On Wednesday, the Federal Communications Commission (“FCC”), which has regulatory authority over the Telephone Consumer Protection Act (“TCPA”), announced that Chairman Tom Wheeler plans to resign as of January 20, 2017, when President-Elect Trump is expected to be inaugurated. Appointed in 2013 by President Obama, Chairman Wheeler’s term was not set to expire until 2018. It is tradition, however, for a sitting chair whose term extends into a new presidential administration to resign when the new president is from the other political party.
The wireless trade group CTIA–The Wireless Association recently asked the Federal Communications Commission (“FCC”) to reject a petition that asks the agency to declare that text messages fall under the FCC’s Open Internet Order. Twilio, Inc., a cloud-based company that manages and facilitates the sending of automated text messages, filed the petition, which seeks to have the FCC confirm that text messages are telecommunication services subject to Title II of the Communications Act of 1934 and the protections of the Open Internet Order. The petition argues that wireless carriers use imprecise filtering systems to block millions of text messages that people have asked to receive, including critical information from their schools. It also claims that wireless carriers are violating the FCC’s rules under the Telephone Consumer Protection Act, 47 U.S.C. § 227, by blocking text messages without giving consumers a choice or making them aware of the practice.
Consumers Union, the consumer advocacy arm of Consumer Reports, has filed a letter in support of the National Consumer Law Center’s (NCLC) request that the Federal Communications Commission (FCC) stay its recent ruling on Broadnet Teleservices LLC’s Petition for Declaratory Ruling in the on-going rulemaking matter In re Rules and Regulations Implementing the Telephone Consumer Protection Act of 1991 while that ruling is under appeal. The July 5, 2016, Broadnet Ruling (previously discussed here) held that the TCPA, and its ban on autodialed calls to cellular telephones, does not apply to calls placed by the federal government itself, or its contractors, so long as the calls are placed in the course of conducting “official government business” and, for calls placed by contractors, the calls comply with the government’s instructions. On July 26, 2016, the NCLC moved the FCC to reconsider its ruling and stay its effect until the motion is resolved. Consumers Union is joining the request for the stay as part of its “End Robocalls” campaign, which purportedly seeks “technological solutions to the unwanted robocall problem,” according to the group’s letter to the FCC. If the requested stay is granted, federal government employees and contractors will continue to be subject to the TCPA unless the Broadnet Ruling is upheld.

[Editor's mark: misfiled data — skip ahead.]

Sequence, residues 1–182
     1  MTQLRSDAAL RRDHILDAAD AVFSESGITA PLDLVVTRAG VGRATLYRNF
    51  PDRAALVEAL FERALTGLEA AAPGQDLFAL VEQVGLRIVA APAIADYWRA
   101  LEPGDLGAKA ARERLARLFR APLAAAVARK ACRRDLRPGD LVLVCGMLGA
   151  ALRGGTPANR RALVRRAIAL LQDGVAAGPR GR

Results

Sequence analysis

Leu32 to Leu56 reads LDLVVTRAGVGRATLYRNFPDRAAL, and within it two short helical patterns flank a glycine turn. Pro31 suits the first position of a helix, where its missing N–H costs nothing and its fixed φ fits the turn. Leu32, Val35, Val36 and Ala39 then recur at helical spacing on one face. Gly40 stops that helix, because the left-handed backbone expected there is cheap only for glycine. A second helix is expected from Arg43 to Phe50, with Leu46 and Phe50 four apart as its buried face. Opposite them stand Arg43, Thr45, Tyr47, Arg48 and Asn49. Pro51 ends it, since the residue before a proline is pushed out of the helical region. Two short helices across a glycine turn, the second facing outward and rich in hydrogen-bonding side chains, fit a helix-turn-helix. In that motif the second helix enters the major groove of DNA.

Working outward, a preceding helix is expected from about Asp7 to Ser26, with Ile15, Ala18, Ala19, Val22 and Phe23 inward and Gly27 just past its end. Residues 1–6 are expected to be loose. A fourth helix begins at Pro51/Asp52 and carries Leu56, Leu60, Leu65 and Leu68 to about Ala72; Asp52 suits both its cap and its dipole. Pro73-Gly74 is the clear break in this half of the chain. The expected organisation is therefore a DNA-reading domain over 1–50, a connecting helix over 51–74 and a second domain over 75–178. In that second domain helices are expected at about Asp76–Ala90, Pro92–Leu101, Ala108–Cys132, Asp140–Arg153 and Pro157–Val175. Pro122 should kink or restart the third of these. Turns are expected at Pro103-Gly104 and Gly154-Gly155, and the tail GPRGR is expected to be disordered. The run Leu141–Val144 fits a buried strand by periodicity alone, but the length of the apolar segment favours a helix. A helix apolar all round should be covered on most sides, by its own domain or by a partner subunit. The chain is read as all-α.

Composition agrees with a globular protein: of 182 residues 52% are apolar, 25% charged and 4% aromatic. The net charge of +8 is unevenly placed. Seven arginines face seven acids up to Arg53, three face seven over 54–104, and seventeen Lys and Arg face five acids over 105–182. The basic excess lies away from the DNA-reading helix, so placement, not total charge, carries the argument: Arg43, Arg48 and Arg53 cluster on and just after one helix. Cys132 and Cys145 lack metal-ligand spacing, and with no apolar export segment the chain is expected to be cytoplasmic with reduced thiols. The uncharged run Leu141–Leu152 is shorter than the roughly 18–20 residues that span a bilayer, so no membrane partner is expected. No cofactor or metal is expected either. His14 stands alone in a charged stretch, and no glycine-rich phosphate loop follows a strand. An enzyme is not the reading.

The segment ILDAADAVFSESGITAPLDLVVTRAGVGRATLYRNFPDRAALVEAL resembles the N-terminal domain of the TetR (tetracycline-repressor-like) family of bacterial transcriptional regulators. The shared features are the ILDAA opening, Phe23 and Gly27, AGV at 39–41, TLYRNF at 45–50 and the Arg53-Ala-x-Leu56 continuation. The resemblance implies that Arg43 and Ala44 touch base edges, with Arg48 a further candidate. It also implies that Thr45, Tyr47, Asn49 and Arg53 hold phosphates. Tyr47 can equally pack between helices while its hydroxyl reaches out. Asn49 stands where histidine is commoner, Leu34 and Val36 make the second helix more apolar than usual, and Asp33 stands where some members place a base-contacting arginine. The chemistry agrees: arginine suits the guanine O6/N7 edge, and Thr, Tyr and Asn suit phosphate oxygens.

On August 4, 2016, the Federal Communications Commission (the Commission) released a Declaratory Ruling clarifying the meaning of the “emergency purpose” exception to the Telephone Consumer Protection Act’s (TCPA) prohibition on certain autodialed or prerecorded-voice calls. The Commission also found that the voluntary provision of cellphone numbers to schools or utilities constituted prior express consent to calls “closely related to” the educational and utility services offered by the callers.
On Friday, the Attorney General of the United States responded to a lawsuit brought by a bi-partisan coalition of political groups challenging the constitutionality of the Telephone Consumer Protection Act, 47 U.S.C. § 227 (“TCPA”). In American Association of Political Consultants, Inc., et al. v. Lynch, Case No. 5:16-cv-00252-D (E.D.N.C.) (previously discussed here) the plaintiffs seek a declaration that the TCPA violates the First Amendment. The lawsuit asserts that the statute imposes a content-based restriction on speech that fails to pass strict scrutiny.
On July 5, 2016, the Federal Communications Commission (the “FCC” or “Commission”) released a Declaratory Ruling clarifying that the Telephone Consumer Protection Act (the “TCPA”) does not apply to autodialed or prerecorded- or artificial-voice phone calls, including text messages, made by the federal government and its contractors who are acting within the scope of their authority. The FCC did not address whether the TCPA continues to apply to state and local governments and their agents.
On May 18, 2016, the Senate Commerce Committee held a hearing to examine the TCPA’s effects on businesses and consumers, and assess whether the law is ripe for reform. The TCPA will mark its 25-year anniversary this coming December and, according to Senate Commerce Committee Chairman John Thune (R-SD), is “showing its age.” (The hearing transcript may be found here.)